The New Year is upon us. This annual switch of the calendar signals the official shift from looking back on 2008 to looking forward to 2009. Looking forward usually takes two forms: predictions and resolutions.
The New Year is upon us. This annual switch of the calendar signals the official shift from looking back on 2008 to looking forward to 2009. Looking forward usually takes two forms: predictions and resolutions.The New Year is upon us. This annual calendar shift signals the official shift from looking back on 2008 to looking forward to 2009. Looking forward usually takes two forms: predictions and resolutions.
Every year, some predictions pan out and some are laughable before we hit Q2 -- foresight, alas, falls far short of 20/20. Predictions live in the realm of what we can't control, whereas resolutions reside entirely within our sphere of influence. But despite the additional measure of control, resolutions made for the New Year are notoriously fragile. Here's a random sample by type:
Stop waiting for something to come that will make everything better (if only)
Stop thinking you can read minds
Stop trying to do it all yourself
Stop trying old things in new places, unless they're really old
Stop making excuses for not doing things to move your career ahead
Stop presuming everything will get better because someone else will fix it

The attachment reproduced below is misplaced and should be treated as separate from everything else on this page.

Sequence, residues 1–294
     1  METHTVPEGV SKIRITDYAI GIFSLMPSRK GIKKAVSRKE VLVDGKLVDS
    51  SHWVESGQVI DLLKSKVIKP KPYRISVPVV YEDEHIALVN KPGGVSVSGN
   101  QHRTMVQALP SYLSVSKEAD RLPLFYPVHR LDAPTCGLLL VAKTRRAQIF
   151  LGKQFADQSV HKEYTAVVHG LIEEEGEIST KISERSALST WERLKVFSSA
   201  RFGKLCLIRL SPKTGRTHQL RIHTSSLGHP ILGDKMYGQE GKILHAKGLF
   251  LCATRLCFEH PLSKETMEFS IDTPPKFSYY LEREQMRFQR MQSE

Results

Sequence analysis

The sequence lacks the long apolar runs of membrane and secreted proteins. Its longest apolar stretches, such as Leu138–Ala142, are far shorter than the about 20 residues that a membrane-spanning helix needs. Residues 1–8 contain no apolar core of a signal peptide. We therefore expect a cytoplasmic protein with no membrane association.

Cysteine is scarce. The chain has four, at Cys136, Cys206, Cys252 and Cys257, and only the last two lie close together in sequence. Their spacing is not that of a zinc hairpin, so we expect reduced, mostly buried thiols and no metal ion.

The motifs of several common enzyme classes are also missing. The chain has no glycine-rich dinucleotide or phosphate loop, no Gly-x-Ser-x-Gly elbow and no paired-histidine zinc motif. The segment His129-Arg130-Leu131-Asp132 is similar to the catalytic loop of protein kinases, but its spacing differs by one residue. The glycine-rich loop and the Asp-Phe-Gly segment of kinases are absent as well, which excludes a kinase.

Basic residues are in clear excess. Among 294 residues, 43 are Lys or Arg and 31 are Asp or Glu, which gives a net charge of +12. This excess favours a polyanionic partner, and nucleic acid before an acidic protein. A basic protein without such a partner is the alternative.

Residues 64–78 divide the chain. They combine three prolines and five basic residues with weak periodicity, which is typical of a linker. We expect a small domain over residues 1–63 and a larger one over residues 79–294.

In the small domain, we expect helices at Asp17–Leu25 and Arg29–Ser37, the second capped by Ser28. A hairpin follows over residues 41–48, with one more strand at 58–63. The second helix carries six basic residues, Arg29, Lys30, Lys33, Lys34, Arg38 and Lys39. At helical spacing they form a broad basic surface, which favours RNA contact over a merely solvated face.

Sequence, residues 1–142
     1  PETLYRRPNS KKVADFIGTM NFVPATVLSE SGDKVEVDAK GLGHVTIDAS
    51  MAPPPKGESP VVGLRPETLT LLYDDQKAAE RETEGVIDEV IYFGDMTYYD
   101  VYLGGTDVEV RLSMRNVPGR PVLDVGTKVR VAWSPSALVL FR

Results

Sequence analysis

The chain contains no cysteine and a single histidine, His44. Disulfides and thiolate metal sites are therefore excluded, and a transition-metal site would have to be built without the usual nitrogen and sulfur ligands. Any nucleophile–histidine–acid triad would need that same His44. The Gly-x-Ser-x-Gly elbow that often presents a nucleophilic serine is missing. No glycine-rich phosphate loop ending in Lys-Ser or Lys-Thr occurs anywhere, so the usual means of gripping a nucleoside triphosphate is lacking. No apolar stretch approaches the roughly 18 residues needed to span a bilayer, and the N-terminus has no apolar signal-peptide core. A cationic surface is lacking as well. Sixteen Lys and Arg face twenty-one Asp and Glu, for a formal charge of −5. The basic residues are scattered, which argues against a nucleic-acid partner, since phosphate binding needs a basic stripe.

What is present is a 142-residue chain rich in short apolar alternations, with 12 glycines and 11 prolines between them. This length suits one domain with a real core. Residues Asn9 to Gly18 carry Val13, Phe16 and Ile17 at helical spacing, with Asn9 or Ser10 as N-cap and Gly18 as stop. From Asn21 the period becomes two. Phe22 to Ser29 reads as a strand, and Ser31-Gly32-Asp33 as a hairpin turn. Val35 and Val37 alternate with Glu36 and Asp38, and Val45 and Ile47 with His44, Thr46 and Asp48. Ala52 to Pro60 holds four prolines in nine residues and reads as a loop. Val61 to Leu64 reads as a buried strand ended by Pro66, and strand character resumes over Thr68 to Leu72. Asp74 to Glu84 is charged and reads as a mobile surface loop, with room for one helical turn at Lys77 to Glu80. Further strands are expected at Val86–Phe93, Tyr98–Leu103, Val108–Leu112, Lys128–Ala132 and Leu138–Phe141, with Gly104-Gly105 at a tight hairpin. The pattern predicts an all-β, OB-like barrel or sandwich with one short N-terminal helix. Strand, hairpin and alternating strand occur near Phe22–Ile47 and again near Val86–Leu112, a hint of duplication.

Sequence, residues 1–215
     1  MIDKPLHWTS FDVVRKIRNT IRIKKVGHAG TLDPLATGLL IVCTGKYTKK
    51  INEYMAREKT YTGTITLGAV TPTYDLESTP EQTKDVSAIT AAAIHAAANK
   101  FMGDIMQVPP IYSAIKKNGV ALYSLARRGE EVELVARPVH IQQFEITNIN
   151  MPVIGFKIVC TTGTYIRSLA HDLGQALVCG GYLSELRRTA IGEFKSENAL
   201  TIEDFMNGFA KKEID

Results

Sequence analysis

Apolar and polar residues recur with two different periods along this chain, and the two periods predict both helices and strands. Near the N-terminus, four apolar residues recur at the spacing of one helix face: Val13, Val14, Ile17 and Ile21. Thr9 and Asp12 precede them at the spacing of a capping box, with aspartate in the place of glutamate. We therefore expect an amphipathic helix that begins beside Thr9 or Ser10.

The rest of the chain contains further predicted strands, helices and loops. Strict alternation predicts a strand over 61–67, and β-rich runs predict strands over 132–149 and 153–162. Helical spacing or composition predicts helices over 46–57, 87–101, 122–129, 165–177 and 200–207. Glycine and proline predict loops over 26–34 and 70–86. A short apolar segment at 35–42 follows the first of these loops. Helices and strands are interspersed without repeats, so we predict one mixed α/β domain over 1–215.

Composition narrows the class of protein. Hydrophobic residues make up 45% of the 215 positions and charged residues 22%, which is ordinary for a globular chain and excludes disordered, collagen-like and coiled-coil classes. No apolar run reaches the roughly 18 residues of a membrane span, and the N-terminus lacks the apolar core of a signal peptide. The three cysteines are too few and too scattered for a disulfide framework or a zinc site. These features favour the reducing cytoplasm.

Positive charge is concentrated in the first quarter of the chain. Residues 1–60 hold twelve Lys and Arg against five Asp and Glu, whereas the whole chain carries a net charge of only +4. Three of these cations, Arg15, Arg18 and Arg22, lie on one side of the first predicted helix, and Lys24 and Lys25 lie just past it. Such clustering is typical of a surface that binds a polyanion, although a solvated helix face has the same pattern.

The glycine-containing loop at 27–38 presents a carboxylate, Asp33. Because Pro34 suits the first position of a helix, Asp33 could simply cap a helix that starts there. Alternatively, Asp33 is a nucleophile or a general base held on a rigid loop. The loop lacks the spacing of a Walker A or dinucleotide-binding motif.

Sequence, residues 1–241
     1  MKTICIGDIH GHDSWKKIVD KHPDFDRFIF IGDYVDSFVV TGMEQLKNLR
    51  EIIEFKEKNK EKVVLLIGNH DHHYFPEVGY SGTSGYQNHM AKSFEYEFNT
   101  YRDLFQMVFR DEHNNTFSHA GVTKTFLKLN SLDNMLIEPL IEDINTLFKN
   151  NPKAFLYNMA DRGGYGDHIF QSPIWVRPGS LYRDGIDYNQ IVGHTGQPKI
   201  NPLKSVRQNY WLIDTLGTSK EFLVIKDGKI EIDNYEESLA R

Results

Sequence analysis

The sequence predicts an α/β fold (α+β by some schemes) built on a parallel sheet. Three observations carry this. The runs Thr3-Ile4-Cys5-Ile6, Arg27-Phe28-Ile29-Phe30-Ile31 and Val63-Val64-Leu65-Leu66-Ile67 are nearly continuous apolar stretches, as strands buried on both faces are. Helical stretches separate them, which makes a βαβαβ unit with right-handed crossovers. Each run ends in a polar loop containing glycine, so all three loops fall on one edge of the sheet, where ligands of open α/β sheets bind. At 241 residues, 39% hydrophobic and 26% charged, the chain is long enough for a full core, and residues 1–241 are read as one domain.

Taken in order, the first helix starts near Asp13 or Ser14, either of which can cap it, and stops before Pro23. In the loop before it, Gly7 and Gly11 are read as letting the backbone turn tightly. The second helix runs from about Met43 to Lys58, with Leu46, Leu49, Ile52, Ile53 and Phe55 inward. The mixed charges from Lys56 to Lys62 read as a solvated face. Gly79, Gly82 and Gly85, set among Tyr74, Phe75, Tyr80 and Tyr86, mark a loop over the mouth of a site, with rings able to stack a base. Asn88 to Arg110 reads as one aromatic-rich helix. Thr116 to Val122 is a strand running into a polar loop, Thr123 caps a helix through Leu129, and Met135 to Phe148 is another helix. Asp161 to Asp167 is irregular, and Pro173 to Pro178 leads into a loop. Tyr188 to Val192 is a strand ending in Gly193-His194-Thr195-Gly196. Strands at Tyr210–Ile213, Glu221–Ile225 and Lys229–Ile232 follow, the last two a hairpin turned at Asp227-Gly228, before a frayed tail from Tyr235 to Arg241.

Stop writing "me too" posts, or doing "me too" work. Build on the body of work
Stop beating yourself up when you don't create something on a given day
Stop striving for perfection, and strive for execution instead
As he points out, stopping is hard than starting (insert any tale about quitting smoking here). But applying the brakes is worth considering. As a business owner, what are the things that you do that are not in your best interest? Maybe it's how you manage people, how you plan strategically, how you allocate IT resources, or how you focus on one aspect of the business over another.
Odds are there's something you'd be better off not doing in 2009. Call it addition by subtraction. It's easier said than done, of course; after running with his STOP list, Brogan decamps to a traditional list of affirmative resolutions for the coming year.
Not for a moment am I suggesting that tried and true resolutions are without merit, but in a year that's bound to be rife with mantras of "making due with less," I'd like to know what YOU want to STOP doing in 2009 -- e-mail me and let me know.
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